The world is learning, in a truly frightening fashion, just why the World Health Organization (WHO) is so vital to the health of humanity. The WHO is the United Nations agency that works on many critical health issues, but the most important at the moment, of course, is its response to epidemics and pandemics, such as the coronavirus that the world is currently experiencing. Through expertise in combating infectious disease, the WHO can help to prevent or at least try to mitigate the spread of these illnesses. It is in some ways the U.N. as it should be—countries pooling resources and working together to address global emergencies.
But, there is a danger that the WHO could fall into the same trap that has plagued much of the U.N. system: politicization. It has flirted with doing so before, and—thankfully—pulled back, but we now can see clearly why that was flirting with disaster.
After UNESCO illegitimately recognized the Palestinian delegation as a “member state” in 2011, there was some noise about continuing to push this internationalization strategy and looking for similar recognition at other U.N. agencies, of which WHO is one. However, many countries did not take sufficiently into account (or did not care) what this status at UNESCO actually meant. The United States was forced by law to swiftly de-fund UNESCO for bestowing member state status upon a country that does not exist.
This de-funding was no small matter. The U.S. paid in about a quarter of UNESCO’s budget, leaving a huge hole. Once the Palestinians became members, they set on a path of politicizing the work of UNESCO through passing ludicrous resolutions—thanks to the automatic majority that the Palestinians enjoy—that sought to claim the Kotel as a Muslim site, or accused Jews of planting “fake Jewish graves” in a cemetery. These resolutions left the organization’s reputation in tatters, and it has still yet to recover. The U.S. and Israel have left completely, and the best the organization can seem to do is not pass any additional outrageous resolutions on the Middle East…for now.
If there was a silver lining in the tragedy of what has become of UNESCO, it is that the threat posed by the Palestinian internationalization agenda was exposed. Many countries did not want to see what happened to UNESCO repeated at other, more critical, agencies. The Americans and others put pressure on the Palestinians not to continue down this path. The results of this are mixed—the WHO and other agencies have so far been mostly spared, but the Palestinians decided instead to pursue member state status at the U.N. itself. In 2012, the General Assembly granted them “observer state” status, which allowed them to accede to international conventions, including the Rome Statute. We are in the midst of seeing the consequences of that vote now at the International Criminal Court.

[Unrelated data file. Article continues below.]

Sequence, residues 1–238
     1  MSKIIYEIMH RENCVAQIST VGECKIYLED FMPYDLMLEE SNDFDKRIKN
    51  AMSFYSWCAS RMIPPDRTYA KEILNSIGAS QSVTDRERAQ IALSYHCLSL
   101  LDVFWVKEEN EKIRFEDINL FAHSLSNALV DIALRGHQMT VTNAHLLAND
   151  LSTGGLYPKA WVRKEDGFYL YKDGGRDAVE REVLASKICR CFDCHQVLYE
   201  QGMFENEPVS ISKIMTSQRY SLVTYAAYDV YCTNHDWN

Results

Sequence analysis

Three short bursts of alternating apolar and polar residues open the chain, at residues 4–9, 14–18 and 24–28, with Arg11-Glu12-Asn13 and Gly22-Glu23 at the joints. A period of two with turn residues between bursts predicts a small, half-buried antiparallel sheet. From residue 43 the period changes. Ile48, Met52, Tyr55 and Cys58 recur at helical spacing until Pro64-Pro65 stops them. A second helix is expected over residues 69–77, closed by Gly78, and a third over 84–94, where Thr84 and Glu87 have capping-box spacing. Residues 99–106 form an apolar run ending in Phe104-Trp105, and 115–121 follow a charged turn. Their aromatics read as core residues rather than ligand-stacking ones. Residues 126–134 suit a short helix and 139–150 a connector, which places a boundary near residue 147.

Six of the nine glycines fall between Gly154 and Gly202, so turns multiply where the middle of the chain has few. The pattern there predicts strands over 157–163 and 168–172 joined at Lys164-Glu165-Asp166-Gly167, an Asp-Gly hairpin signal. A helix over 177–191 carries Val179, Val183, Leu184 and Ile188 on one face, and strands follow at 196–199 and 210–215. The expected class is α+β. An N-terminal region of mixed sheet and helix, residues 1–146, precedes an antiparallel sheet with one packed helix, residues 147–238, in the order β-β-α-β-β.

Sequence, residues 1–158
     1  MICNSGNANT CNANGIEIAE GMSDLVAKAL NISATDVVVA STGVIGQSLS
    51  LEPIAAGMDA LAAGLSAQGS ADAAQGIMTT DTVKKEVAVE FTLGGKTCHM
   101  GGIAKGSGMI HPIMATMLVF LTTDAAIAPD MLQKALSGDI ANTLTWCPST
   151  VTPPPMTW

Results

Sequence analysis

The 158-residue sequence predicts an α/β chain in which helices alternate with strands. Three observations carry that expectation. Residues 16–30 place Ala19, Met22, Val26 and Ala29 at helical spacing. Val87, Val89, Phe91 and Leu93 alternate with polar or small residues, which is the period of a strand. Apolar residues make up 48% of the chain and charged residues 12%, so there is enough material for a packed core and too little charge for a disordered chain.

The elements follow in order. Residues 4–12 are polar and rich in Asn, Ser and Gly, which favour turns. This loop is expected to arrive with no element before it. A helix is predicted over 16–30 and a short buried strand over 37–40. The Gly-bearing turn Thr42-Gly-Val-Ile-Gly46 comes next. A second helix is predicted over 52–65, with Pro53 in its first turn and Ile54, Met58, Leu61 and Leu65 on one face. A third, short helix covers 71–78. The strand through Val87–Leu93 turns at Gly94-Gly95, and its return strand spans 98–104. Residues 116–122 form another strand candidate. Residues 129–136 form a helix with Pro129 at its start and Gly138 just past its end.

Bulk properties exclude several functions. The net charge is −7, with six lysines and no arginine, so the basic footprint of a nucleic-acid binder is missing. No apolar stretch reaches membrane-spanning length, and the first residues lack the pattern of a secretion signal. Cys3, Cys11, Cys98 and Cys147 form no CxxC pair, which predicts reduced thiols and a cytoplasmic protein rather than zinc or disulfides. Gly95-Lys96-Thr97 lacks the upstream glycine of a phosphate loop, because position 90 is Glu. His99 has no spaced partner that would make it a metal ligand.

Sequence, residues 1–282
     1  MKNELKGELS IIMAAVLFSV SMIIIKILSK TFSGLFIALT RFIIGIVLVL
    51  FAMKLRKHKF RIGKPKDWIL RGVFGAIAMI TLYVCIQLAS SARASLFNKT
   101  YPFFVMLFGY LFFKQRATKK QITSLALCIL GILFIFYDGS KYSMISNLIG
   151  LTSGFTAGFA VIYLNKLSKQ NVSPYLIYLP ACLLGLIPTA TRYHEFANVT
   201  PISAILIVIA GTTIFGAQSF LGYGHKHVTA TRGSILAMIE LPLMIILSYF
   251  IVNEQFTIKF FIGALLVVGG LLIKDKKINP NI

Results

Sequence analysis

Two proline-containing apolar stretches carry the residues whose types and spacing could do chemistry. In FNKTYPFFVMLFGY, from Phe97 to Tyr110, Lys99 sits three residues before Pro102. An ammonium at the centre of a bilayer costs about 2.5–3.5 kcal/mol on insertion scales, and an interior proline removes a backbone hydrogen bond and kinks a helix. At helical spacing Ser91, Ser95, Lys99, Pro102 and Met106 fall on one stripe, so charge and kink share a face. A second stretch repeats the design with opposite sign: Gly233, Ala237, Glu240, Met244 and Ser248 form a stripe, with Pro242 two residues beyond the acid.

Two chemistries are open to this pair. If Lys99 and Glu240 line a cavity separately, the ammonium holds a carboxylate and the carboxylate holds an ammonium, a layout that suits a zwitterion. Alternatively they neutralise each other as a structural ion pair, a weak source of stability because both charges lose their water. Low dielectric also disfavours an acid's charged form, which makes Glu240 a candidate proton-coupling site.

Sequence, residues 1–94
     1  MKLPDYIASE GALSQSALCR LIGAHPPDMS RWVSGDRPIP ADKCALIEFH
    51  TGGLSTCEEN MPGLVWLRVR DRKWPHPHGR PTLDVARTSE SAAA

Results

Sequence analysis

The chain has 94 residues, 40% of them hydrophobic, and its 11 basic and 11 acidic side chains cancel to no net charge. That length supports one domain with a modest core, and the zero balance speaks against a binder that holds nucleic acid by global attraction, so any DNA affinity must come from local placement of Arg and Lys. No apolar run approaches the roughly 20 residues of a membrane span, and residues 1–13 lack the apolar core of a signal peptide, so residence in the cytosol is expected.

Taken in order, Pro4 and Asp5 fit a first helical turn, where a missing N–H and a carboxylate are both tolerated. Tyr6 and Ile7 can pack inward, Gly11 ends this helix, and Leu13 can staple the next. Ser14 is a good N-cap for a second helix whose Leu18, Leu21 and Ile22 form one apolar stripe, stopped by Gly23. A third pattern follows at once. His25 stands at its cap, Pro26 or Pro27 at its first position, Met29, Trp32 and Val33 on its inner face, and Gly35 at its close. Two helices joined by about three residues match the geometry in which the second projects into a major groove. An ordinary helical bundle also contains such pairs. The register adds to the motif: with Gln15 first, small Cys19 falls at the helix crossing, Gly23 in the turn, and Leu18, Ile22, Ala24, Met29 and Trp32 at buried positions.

Though the membership issue has not come up at the WHO, there are still politicization issues at play, not necessarily as much within the bureaucracy of the WHO itself, but in the World Health Assembly (WHA), which is the decision making body of the WHO. Since the WHA is made up of member states’ representatives, there is always the possibility for trouble, as often happens at the U.N. And we have seen this at the WHA, where Israel has been singled out yearly for an absurd stand-alone resolution. The next session of the WHA is set for the end of May, and there is no news yet on whether this will be held then or, as so much else in the U.N. system currently, postponed to an undetermined date.
Now is not the time for politics. It is a time for unity in fighting this deadly disease. That is the only thing that the WHO should be concerned about at this moment. But this moment shall pass and humanity will beat back this virus, in no small part thanks to the efforts of the WHO. What needs to be remembered once that happens (and that day cannot come soon enough) is the basic need that all of humanity has to have a WHO that is devoid of politics: a health bureaucracy that has a strong reputation and does not take absurd political positions forced upon it by some member states.
Oren Drori is the Program Officer for United Nations Affairs at B’nai B’rith International where he supports advocacy and programming efforts that advance B’nai B’rith’s goals at the U.N., which include: defending Israel, combating anti-Semitism and anti-Zionism, and promoting global human rights and humanitarian concerns. He received a B.A. in Political Science from the University of Minnesota in 2004 and an M.A. in International Relations from the University of Chicago in 2006. Click here to view more of his additional content.
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